The Open Computer Project, an open source hardware effort designed to revamp data centers and how they run, has multiple efforts revolving around efficiency to racks to networking protocols. But from a practical enterprise standpoint it's worth watching OCP's solution provider effort, which is directly aimed at revamping the supplier equation, and an attack on the converged infrastructure sales pitch.
From a pure tech sports perspective, the OCP's solution provider ranks are getting interesting. Forget the usual server suspects. Quanta, a contract equipment manufacturer, has gained a bevy of OCP certifications for servers without vanity badges. Companies like Hyve Solutions, Penguin Computing and Racklive are in the OCP supplier orbit. Avnet may be the only traditional technology name in the fold from a pure integration standpoint.
In his keynote on Tuesday at the group's annual powwow, Frank Frankovsky, chair and president of the OCP, said technology had a business model problem where technologies would hit a bottleneck and limited number of suppliers on the way to the actual IT buyers. Pick your enterprise big name---IBM, HP, Oracle et. al.---as a bottleneck to innovation example.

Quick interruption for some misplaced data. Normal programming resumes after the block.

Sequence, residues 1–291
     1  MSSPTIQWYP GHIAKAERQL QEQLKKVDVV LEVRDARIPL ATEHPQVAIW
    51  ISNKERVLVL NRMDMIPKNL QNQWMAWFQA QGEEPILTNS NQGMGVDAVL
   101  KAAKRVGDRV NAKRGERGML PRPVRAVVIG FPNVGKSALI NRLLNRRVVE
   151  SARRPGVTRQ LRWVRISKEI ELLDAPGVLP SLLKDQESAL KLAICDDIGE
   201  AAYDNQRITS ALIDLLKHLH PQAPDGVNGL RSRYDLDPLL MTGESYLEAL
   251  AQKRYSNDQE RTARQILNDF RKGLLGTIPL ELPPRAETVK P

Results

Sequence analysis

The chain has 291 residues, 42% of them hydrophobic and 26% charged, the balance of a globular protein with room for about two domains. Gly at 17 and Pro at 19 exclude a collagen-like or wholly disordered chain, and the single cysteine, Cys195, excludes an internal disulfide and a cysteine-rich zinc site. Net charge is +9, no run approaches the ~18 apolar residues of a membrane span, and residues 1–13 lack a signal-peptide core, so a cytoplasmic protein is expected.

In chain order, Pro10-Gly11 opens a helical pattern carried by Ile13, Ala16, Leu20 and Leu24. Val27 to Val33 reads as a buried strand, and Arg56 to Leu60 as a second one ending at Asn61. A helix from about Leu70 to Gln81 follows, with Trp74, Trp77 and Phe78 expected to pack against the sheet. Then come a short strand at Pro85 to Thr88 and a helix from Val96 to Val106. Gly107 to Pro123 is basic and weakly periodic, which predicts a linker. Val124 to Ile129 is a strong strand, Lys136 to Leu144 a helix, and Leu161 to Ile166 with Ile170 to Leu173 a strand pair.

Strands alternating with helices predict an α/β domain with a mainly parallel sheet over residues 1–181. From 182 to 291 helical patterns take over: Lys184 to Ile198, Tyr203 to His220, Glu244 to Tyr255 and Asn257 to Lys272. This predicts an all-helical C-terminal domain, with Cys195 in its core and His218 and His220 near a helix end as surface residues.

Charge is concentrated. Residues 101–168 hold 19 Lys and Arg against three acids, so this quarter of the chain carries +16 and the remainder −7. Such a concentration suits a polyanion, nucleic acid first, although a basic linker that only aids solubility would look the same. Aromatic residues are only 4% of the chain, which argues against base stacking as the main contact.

According to Frankovsky (his other job is VP of hardware design and supply chain operations at Facebook), OCP's supplier ranks aim to provide the benefits of converged infrastructure (a unified integrated system) without the lock-in that comes with it. "Converged infrastructure is locked in," said Frankovsky. "The OCP solution provider network's role is in bringing converged infrastructure without the proprietary bullshit that goes with it."
Frankovsky's take rings true in many areas. Every tech giant puts their work in adding proprietary twists and integration to converged systems to justify higher prices. OCP's real disruption would come if that integration can come in a format where there are multiple providers playing in an open data center format.
It remains to be seen how OCP's suppliers deliver on the converged infrastructure promise, but it's going to be fun to watch.
Other key points from Frankovsky's talk:
- OCP's licensing will look more like a general public license going forward to "kick off a fly wheel of derivative works" and the innovation that comes with it.
- Frankovsky said certification from OCP labs will be critical to ensure custom work will be supportable.
- There will be more processor choice and ARM and AMD are doing unique things.
- A lot of innovation is coming from companies like Fidelity, which came up with a way to transform standard racks into ones supporting open racks. The idea is to bridge legacy gear to open computer equipment over time.